TEHRAN, IRAN — Iran's political struggle is usually summed up as a contest between democratic reformers and conservative clerics. Except that it's not so simple.
Take Ali Akbar Mohtashemi. Like Iran's president, Mohammed Khatami, Mr. Mohtashemi is both a reformer and a Shiite cleric. And like a lot of other reformers, Mohtashemi has long been an insider in Iran's post-revolutionary politics.
A conversation with Mohtashemi illustrates one of the central paradoxes of Iranian politics: Some of the reformers are the movers and shakers of the very system they are trying to reform.
A top aide to the late Ayatollah Ruhollah Khomeini, Mohtashemi is a founder of Lebanon's Hizbullah movement, a militant organization and political party best known for its long and ultimately successful struggle against Israeli occupation.
Mohtashemi may have played a role in the 1983 bombing of the US Marine base in Beirut, which killed 241 American servicemen. He says this allegation is "a lie," but there is no denying that his work made him some enemies. In 1984, while serving as Iran's ambassador to Syria, he opened a package that had been delivered to his office.
An explosion tore off his right hand and part of his left. Mohtashemi says "experts" attributed the bomb to Israel's Mossad intelligence agency and possibly the CIA.
Since then, he has become the publisher of a now-closed reformist newspaper and a leading figure in the reform movement. He was until recently the reformists' faction leader in parliament.
He has refused four summonses to appear before the Special Court for Clergy - considered a conservative bastion - because he considers the court's actions in his case to be "illegal." He has also criticized the court's conviction of another cleric, Hassan Yousefi Eshkevari, for political activities.
One Tehran businessman, who discussed Mohtashemi on condition of anonymity, says the lack of retribution for these refusals demonstrates that the cleric is an "untouchable" - one of a few dozen people in Iran powerful enough to get away with disregarding the clerical court.
Nonetheless, says Mohtashemi, "I believe in democracy and the people and the rule of law. And I have made steps toward those goals."
A soft-spoken man with a salt-and-pepper beard, Mohtashemi wears the elegant but simple robes of the Shiite clergy. On his head is the black turban that signifies he is a descendant of the Prophet Muhammad.
But for all his reformist credentials, at times he seems like an unreconstructed Iranian hardliner. The organizer of an April conference in support of the Palestinian intifada, or uprising, Mohtashemi yet again issued one of the trademark slogans of the Iranian revolution: "Death to America."
"Bear in mind," he says, "that when we say 'death to America,' we never mean the people." The target of the exhortation is "those who have made America and its government hated by so many people around the world."
Mohtashemi is upbeat about Mr. Khatami, who was overwhelmingly re-elected to a second four-year term on June 8. Many Iranians feel that Iran's system of government - in which a popularly elected president and parliament must share power with a clerical supreme leader and several councils that are the province of the clergy - must change, but Mohtashemi apparently isn't one of them. "I feel that with the amount of power the president has, given the right conditions, he can reach the goals he has in his sight," he says.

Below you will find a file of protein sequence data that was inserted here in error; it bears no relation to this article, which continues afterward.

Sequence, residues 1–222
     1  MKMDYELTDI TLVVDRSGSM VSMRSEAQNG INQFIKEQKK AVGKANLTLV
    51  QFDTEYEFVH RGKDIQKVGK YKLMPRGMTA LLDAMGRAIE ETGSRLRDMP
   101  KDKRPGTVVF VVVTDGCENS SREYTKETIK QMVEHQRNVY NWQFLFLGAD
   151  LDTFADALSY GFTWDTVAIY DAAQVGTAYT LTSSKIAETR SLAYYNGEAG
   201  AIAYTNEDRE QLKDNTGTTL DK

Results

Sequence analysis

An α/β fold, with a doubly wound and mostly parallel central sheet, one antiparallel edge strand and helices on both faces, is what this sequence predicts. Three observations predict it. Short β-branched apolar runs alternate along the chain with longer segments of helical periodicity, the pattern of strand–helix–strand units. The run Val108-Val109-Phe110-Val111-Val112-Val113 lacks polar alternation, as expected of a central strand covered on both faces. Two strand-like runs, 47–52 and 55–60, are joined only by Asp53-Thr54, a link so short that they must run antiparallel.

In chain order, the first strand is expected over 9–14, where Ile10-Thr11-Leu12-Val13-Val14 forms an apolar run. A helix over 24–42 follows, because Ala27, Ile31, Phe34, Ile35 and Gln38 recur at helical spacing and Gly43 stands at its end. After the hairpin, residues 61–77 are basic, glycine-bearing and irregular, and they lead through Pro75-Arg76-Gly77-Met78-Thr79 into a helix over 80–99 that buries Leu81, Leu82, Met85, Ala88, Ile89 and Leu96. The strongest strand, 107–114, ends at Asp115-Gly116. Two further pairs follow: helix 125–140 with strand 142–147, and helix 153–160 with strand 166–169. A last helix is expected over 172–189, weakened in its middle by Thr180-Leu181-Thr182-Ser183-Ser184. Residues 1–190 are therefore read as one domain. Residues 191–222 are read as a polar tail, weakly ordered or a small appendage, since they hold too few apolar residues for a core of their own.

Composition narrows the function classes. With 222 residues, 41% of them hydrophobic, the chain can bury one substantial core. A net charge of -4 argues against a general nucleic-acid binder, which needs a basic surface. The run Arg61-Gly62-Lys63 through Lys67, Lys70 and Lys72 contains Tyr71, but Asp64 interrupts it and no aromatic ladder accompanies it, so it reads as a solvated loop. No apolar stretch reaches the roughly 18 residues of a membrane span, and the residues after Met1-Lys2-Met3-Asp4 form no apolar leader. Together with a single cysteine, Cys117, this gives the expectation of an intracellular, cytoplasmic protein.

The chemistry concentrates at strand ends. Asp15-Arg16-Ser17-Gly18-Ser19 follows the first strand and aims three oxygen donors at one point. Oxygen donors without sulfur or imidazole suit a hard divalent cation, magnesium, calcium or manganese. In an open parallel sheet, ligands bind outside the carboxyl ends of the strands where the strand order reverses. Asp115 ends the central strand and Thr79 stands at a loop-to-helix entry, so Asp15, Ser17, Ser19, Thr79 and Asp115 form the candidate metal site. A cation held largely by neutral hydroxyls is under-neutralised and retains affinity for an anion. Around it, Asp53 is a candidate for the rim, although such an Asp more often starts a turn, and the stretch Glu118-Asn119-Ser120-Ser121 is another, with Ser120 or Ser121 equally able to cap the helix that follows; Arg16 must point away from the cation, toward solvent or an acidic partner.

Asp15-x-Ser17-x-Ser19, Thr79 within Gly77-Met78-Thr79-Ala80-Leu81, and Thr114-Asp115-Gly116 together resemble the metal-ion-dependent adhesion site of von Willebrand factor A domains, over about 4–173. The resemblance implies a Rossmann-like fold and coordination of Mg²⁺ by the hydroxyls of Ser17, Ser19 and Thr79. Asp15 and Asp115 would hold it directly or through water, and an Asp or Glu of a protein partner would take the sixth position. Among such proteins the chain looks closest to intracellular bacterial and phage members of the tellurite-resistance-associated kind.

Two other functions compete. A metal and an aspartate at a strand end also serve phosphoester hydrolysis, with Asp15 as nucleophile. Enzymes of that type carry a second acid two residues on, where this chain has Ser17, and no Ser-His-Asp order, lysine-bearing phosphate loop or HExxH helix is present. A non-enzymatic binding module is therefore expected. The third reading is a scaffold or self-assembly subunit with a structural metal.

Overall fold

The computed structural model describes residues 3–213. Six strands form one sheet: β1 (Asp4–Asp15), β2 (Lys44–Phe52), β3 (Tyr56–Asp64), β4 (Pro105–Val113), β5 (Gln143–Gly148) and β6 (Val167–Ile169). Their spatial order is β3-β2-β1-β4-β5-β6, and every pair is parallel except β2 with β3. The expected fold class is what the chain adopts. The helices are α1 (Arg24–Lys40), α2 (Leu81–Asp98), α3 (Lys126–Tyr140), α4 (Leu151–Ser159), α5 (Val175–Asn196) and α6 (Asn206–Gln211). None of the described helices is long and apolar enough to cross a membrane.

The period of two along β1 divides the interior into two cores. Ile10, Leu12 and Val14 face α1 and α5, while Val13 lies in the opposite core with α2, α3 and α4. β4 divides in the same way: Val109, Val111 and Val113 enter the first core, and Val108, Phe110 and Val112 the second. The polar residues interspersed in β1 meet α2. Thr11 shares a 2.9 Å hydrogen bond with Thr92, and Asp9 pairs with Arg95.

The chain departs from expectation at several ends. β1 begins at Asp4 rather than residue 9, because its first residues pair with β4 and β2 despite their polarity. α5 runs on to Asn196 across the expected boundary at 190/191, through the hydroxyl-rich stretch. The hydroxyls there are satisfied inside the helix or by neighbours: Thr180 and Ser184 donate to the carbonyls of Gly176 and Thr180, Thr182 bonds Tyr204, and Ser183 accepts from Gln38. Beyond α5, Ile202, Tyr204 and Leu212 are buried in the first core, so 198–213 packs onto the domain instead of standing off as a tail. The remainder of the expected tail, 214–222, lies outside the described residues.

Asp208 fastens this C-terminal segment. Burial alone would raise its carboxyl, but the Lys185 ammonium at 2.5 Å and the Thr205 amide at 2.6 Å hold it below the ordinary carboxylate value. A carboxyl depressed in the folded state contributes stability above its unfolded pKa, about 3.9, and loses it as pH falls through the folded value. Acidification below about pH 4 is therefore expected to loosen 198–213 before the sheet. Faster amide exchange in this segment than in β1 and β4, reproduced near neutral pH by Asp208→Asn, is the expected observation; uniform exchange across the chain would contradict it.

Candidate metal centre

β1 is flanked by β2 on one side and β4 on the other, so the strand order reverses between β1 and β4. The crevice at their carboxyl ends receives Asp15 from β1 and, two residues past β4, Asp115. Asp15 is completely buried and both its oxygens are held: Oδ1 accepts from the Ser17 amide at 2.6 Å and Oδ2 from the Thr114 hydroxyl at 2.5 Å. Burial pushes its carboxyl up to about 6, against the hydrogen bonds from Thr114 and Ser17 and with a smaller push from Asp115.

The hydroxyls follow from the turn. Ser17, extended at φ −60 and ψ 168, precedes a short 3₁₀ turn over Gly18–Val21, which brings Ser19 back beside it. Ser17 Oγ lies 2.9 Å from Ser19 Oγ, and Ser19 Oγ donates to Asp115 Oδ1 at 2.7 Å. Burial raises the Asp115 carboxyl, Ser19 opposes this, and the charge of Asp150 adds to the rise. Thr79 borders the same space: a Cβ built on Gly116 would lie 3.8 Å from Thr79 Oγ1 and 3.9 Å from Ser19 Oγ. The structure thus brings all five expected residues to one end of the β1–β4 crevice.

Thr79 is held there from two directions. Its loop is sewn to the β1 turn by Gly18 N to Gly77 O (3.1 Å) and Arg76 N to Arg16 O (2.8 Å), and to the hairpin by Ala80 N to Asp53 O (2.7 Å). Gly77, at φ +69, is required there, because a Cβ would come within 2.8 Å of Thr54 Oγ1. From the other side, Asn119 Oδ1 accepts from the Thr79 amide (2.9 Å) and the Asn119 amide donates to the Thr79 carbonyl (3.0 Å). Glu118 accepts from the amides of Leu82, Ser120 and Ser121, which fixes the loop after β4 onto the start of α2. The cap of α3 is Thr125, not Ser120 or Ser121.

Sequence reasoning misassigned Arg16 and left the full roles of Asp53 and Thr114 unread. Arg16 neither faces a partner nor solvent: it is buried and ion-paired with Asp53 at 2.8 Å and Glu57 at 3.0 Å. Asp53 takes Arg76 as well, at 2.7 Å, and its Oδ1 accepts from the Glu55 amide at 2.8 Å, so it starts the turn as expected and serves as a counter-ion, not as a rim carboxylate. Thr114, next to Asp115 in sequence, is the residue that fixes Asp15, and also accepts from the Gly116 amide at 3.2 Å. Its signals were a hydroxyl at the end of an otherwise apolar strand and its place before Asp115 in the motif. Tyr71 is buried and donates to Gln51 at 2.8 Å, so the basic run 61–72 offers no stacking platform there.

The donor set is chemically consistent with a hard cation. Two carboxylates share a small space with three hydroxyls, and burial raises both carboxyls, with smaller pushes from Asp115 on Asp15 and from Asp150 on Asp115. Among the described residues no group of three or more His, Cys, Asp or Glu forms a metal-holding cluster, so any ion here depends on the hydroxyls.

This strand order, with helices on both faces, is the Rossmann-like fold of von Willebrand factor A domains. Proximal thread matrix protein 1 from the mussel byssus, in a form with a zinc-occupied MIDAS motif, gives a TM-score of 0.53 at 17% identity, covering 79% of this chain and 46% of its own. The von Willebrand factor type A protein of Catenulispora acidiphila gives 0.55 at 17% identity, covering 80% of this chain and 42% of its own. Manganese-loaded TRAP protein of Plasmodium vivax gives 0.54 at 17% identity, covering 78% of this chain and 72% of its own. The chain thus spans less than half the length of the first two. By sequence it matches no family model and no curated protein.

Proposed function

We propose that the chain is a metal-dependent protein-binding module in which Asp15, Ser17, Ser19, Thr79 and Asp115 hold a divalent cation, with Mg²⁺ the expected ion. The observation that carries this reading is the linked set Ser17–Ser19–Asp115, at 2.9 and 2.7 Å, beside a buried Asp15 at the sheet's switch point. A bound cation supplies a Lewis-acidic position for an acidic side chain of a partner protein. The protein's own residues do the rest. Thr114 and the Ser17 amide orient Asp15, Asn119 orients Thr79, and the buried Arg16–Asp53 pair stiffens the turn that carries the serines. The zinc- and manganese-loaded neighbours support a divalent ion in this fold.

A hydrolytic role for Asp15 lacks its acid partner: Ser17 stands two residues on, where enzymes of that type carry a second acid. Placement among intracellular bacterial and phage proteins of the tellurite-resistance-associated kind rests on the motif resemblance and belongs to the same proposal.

Even so, Iranian reformists are frustrated with the slow pace of change and with Khatami's insistence on gradualism. The most ardent reformers have called for a more democratic system, in which the clergy has less access to political power.
His critics say the president was put forward by the clergy in order to preserve their rule; less conspiritorial observers insist that Khatami represents a process of change that will ultimately diminish the power of the clerics.
Khatami himself is not much of a "death to America" man; he seems to desist from such slogans as part of his effort to present a moderate face of Iran. Mohtashemi, on the other hand, is unrepetant when it comes to certain aspects of Iran's foreign policy. The US in particular has long criticized Iran for its support of Hizbullah and other militant groups, saying that the aid amounts to state sponsorship of terrorism. These groups are the enemies of Israel, which is, of course, America's closest ally in the Middle East.
A federal grand jury this month indicted 13 Saudis and an unnamed Lebanese on charges related to the 1996 bombing of a housing complex for US military personnel in Saudi Arabia that killed 19 people and injured hundreds. The US Justice Department says some of those indicted were part of a Saudi group backed by Iran, but Iranian officials deny any role in the attack.
Perhaps to dampen the US criticism - one of several factors that have kept the two nations at odds with each other - Iranian officials have said for years that they offer only moral and humanitarian support to such groups. "We just pray for them to succeed," notes Sadegh Kharrazi, a deputy foreign minister.
But Mohtashemi, who is head of an official committee to support the Palestinians, is less coy on such matters. "I'm not talking about what the Islamic Republic is doing," he says, referring to Iran, "but as far as I'm concerned any help that can be given to the Palestinian people is legitimate."
Referring to continued Iranian support for Hizbullah, Mohtashemi indicates that "humanitarian" aid might not necessarily exclude arms. "Let's say a group of people are being attacked by wild animals," he proposes. "If you give them weapons to defend themselves, is that humanitarian or not?"
"What is it when America and Europe send military aid and interfere in the Balkans," he asks. "We will call it the same thing when we are helping the underdogs of Palestine and Lebanon or anywhere else."
(c) Copyright 2001. The Christian Science Monitor